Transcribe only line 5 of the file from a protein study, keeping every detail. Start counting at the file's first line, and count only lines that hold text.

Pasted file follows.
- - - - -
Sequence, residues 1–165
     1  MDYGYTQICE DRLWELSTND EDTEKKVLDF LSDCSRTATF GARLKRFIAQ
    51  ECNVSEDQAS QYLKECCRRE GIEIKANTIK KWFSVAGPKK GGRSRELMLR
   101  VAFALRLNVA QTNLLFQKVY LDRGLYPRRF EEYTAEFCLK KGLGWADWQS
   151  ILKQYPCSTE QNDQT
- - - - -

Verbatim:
   151  ILKQYPCSTE QNDQT